Yes, Forrest Maready, who came up with the Crooked Face Theory of vaccine injury, now considers himself to be an expert on polio.

Robert F. Kennedy, Jr. thinks that he is cursed with too much knowledge about vaccines…

Kelly Brogan, a holistic psychiatrist, got her case study published in the Advances in Mind-Body Medicine journal. History making? That’s about as history making as her vaccine paper that was published in the journal, Alternative Therapies in Health and Medicine.

Full stop. There is a lot of good information on the Internet, but most folks who say they did their research about vaccines on Google choose “to accept only information that supports his or her position, and ignores or dismisses information in conflict with it.”

Will Jim Meehan ever understand vaccines better?

Will anyone that listens to these folks?

Don't let Goop's mistake become your mistake.

Gwyneth Paltrow and Goop made one mistake – thinking that they could give health advice.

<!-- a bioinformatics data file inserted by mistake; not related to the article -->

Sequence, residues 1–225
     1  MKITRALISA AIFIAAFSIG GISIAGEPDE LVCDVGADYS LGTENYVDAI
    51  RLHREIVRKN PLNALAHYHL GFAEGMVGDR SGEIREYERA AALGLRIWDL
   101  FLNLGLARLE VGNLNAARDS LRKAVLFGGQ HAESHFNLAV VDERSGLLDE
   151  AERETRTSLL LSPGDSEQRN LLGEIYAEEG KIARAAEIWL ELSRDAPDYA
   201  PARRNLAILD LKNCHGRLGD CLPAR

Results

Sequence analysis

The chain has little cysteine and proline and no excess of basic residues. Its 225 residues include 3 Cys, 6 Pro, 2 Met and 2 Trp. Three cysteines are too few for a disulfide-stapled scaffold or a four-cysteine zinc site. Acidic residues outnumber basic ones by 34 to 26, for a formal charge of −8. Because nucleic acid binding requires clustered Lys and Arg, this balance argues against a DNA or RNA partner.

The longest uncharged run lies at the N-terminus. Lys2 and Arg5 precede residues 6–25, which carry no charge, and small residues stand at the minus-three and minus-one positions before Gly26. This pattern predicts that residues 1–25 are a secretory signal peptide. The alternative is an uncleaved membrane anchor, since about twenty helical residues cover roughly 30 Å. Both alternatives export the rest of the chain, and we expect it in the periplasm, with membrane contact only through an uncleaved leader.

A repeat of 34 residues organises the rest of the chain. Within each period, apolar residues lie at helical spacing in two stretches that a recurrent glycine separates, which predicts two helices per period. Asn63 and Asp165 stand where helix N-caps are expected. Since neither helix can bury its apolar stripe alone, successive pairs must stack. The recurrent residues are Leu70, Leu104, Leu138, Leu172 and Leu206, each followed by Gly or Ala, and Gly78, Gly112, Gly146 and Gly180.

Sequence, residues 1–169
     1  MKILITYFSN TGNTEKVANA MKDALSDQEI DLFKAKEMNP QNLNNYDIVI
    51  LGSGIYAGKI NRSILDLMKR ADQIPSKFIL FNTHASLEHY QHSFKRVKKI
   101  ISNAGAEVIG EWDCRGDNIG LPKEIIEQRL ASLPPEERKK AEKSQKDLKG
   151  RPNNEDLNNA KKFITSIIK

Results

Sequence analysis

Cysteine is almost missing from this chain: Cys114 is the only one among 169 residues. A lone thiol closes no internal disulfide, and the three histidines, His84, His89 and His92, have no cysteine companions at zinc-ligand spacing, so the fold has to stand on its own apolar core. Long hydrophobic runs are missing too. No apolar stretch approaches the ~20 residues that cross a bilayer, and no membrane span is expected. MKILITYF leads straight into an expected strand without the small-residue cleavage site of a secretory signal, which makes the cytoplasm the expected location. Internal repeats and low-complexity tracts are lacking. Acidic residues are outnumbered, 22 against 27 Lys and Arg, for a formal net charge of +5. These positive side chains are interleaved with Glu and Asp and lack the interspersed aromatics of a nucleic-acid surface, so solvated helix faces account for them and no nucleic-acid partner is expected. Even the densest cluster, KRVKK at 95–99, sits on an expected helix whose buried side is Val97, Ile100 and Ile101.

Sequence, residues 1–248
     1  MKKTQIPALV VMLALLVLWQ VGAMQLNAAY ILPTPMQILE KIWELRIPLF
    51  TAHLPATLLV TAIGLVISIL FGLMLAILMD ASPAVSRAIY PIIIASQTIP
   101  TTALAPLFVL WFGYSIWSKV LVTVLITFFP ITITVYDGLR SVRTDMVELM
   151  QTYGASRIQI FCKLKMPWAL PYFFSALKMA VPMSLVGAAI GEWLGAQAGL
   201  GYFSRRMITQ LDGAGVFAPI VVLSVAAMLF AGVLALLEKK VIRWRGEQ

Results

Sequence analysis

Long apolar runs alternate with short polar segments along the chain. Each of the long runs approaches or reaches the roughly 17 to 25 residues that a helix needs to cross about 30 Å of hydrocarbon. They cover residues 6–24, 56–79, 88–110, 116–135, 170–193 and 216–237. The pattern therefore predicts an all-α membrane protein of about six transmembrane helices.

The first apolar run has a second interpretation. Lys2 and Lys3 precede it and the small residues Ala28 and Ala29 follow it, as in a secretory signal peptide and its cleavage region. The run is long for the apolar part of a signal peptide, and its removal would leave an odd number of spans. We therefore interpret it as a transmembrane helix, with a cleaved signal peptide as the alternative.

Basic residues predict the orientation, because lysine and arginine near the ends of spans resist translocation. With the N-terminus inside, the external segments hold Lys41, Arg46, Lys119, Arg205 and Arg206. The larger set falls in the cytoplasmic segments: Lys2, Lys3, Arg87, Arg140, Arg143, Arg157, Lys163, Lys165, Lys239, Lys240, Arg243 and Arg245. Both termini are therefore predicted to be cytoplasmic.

The creator of the PEACH anti-vaccine safety manual that has been distributed in Orthodox Jewish communities spent years gathering anti-vaccine propaganda...
The creator of the PEACH anti-vaccine safety manual that has been distributed in Orthodox Jewish communities spent years gathering anti-vaccine propaganda…

While the average pediatrician doesn’t actively investigate vaccine safety, do you know who does? Real scientists and researchers…

Whether they put all of the anti-vaccine propaganda they gather into a binder or a vaccine guide on the Internet, these folks are simply misinformed about vaccines.

Don’t look to them to help get you educated about vaccines.

Dunning Kruger Awards

Do Vaccines Cause Bell’s Palsy?

We don’t usually know what causes Bell’s Palsy, so that makes it a perfect candidate for some people to think it’s a vaccine injury.

Mercola cites a study that looked at VAERS reports, so none of the cases were verified to see if they were actually caused by a vaccine. And he fails to mention all of the real studies that found no association between vaccines and Bell's Palsy!
Mercola cites a study that looked at VAERS reports, so none of the cases were verified to see if they were actually caused by a vaccine. And he fails to mention all of the real studies that found no association between vaccines and Bell’s Palsy!

And for anti-vaccine folks to use in their propaganda to scare you away from vaccinating and protecting your kids.

What Causes Bell’s Palsy?

Although we may not always know what causes it, Bell’s Palsy is fairly easy to diagnose.